Kathy Gibson is at Dell EMC Partner Summit in Cape Town – Digital transformation is no longer a nice-to-have: organisations that have not at least begun their digitalisation journey run a very real risk of becoming irrelevant.
This is the word from Dell EMC channel manager Brad Pulford, opening today’s Dell EMC Partner Summit.
But digital transformation is a vast topic, and many companies are grappling with questions around where to start, what can be achieved and how to measure value.
Mohammed Amin, senior vice-president: Middle East, Turkey and Africa at Dell EMC, says CEOs and CIOs see the transformation coming, and many are confused about what to do.
They know they have to launch new products and services based on technology, but they need technology companies to help them understand where they need to go, and how to get there.
The new world involves unlocking the value of data using emerging technologies, he points out.
“Emerging technologies are underpinning change leading up to 2030,” says Amin. These include artificial intelligence (AI) and machine learning (ML); robotics, virtual reality and augmented reality (AR/VR); cloud computing and Internet of Things (IoT).
“CEOs don’t know what their companies will look like in the next few years,” he says.
A massive 45% of CEOs fear their company many becoming obsolete in the next three to five years; and 78% feel threatened by digital startups.
Despite this, 72% of CEOs admit to not innovating across their organisations, and 64% of them are not yet acting on intelligence in realtime.
“We need to do as much as we can with technology,” Amin says. “We may not get it right 100% of the time, but we need to move in the right direction.”
This is leading to the emergence of the strategic CIO, the person within an organisation that leverages emerging technology to take the business forward.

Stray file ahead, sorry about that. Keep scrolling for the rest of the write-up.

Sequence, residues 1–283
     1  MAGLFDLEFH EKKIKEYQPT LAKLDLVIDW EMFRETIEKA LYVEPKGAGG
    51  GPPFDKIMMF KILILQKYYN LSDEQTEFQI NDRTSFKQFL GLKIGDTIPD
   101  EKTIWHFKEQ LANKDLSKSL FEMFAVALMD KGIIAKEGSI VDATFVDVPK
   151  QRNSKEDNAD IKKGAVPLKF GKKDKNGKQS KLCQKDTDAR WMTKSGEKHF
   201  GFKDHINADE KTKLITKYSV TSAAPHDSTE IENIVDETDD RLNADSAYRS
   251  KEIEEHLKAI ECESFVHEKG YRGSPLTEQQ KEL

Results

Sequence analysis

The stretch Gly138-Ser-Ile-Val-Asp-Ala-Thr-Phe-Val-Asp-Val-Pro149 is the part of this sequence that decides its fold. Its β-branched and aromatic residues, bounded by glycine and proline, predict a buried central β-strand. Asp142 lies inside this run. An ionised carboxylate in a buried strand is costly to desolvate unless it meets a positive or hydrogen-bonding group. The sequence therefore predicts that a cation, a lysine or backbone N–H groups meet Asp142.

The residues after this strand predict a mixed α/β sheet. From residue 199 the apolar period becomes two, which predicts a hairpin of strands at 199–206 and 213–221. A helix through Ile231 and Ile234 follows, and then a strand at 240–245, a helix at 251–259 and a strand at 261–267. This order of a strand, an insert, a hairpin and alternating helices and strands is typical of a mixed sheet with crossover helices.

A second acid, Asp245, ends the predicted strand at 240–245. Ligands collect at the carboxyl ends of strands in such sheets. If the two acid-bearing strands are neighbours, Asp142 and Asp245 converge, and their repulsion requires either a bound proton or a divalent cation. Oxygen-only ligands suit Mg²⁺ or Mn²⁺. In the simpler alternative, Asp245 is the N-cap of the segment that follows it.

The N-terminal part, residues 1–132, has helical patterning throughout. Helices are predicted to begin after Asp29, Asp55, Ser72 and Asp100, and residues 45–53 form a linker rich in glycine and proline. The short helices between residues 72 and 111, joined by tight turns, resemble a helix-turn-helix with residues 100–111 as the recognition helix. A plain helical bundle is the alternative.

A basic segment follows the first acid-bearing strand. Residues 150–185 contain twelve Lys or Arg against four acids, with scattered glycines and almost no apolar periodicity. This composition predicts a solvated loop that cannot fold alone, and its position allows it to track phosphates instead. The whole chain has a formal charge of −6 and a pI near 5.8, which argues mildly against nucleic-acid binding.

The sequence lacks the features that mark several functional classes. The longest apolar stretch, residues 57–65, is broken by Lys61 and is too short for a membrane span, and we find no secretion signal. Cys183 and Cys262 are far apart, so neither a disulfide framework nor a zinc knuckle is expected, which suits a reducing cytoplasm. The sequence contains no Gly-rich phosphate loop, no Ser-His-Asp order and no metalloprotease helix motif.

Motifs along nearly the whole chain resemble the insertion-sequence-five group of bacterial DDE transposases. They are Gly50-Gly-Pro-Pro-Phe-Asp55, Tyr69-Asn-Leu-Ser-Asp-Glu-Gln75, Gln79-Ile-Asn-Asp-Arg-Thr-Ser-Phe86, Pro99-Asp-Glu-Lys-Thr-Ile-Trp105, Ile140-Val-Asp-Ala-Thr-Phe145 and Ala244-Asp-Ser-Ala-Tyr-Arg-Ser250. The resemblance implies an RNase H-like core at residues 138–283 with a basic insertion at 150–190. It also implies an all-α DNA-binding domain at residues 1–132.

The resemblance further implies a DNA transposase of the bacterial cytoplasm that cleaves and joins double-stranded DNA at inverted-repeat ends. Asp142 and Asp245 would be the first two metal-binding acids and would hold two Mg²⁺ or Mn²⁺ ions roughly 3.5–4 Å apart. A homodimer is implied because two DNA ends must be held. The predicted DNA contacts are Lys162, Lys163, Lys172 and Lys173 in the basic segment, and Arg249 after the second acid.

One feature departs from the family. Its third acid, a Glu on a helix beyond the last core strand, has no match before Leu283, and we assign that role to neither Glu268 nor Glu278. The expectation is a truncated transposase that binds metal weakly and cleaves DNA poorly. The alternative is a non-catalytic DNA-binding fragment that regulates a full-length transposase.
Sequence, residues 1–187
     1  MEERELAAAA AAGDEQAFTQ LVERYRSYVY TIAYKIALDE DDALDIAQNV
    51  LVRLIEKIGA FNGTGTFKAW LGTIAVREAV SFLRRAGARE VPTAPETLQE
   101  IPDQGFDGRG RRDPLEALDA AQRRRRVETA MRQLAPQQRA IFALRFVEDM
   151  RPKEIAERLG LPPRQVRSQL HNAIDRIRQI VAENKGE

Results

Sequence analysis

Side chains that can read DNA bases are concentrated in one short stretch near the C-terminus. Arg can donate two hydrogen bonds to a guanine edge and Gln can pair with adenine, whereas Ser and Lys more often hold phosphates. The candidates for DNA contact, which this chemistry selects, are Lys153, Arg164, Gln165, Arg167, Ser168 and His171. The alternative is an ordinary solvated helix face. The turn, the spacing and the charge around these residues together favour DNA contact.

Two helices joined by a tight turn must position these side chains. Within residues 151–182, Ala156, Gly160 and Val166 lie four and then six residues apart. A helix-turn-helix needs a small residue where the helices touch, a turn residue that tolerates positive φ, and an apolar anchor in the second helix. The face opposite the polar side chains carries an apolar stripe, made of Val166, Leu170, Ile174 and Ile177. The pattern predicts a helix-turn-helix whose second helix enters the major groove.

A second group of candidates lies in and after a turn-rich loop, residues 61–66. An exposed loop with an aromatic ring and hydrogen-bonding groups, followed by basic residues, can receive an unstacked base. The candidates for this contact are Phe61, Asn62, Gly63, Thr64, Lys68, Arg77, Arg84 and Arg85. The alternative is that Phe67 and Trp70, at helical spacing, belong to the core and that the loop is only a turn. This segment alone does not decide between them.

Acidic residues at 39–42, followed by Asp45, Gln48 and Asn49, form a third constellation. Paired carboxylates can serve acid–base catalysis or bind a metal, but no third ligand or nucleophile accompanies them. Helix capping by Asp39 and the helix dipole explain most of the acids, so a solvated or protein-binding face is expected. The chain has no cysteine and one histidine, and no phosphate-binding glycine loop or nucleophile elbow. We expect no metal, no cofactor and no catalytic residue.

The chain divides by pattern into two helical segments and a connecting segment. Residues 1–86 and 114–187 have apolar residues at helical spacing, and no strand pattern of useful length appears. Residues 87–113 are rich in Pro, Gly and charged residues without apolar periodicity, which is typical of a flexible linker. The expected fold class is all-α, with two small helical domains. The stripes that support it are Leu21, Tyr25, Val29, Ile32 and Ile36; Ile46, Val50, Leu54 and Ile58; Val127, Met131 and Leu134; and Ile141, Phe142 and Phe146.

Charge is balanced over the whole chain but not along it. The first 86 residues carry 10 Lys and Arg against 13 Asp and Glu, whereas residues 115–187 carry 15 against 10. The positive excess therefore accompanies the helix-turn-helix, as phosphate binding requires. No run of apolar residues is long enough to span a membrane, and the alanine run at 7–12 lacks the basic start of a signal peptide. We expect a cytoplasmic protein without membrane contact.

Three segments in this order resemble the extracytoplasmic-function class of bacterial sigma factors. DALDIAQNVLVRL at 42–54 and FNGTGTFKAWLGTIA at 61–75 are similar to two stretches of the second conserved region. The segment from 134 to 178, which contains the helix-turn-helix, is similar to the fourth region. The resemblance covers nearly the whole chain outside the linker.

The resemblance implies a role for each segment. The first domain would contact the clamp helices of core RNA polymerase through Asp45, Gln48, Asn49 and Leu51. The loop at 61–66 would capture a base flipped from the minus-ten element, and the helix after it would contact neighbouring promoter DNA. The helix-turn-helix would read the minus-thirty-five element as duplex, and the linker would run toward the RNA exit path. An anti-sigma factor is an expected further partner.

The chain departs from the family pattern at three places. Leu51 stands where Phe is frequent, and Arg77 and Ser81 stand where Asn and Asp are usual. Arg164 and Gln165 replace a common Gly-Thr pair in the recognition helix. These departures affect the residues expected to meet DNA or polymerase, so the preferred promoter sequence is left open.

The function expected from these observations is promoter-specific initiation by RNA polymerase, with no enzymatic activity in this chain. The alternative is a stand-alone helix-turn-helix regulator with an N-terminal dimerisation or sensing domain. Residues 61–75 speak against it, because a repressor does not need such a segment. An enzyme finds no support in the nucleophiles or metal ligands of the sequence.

These CIOs are committed to growing the business, and look to technology and strategic partners to help them do it.
They no longer focus purely in infrastructure, but place a bigger priority on product improvement and technology.
Today, it’s the applications that drive business value, Amin points out. This has been driven by cloud computing, which has seen the rise of consumer-driven apps that enterprises have to adapt to.
“So there are now millions of apps that we have to deal with,” he says. “And this means we have to do infrastructure in a new way if we are going to be able to manage data growth.”
The infrastructure that enables cloud needs to be able to support a multi-cloud environment.
All of these applications and infrastructure are ultimately there to support users, Amin points out, and the whole environment needs to have security embedded throughout.
In fact, companies have to consider four levels of transformation, Amin points out: digital transformation, IT transformation, workforce transformation and security transformation.
Amin believes that Dell EMC – supported by the ecosystem of companies within the Dell Technologies family – is well positioned to address the digital revolution.
“We create technologies that drive human progress,” Amin says. “And I don’t believe there is another company that offers what we do.
“We’re customer-obsessed,” he adds “At Dell EMC, we are 100% focused on exceptional customer and partner experiences.”
This focus on customers means that Dell EMC is able to drive innovation and technology that serves customers’ needs.
Amin points out that Dell Technologies is a family of businesses that provides the essential infrastructure for organisations to build their digital future and transform IT.
The operating companies are Dell EMC, Pivotal, RSA, SecureWorks, Virtustream and VMware.
Dell Technologies has posted revenues in excess of &80-billion. It served 99% of the Fortune 500 companies with a team of 140 000 people including 30 000 full-time services and support team members in 180 countries.
The company has spent $12,7-billion in R&D over the last three years, filing 21 000 patents and patent applications. It has committed to a $4,5-billion annual R&D investment going forward.
“I believe that hardware is going to become a commodity,” Amin says. “Digital transformation is the fourth industrial revolution – and this is a revolution no-one was expecting.
“The changes we are going to see in the next 10 years will out strip the transformation we have seen in the last thousand years.”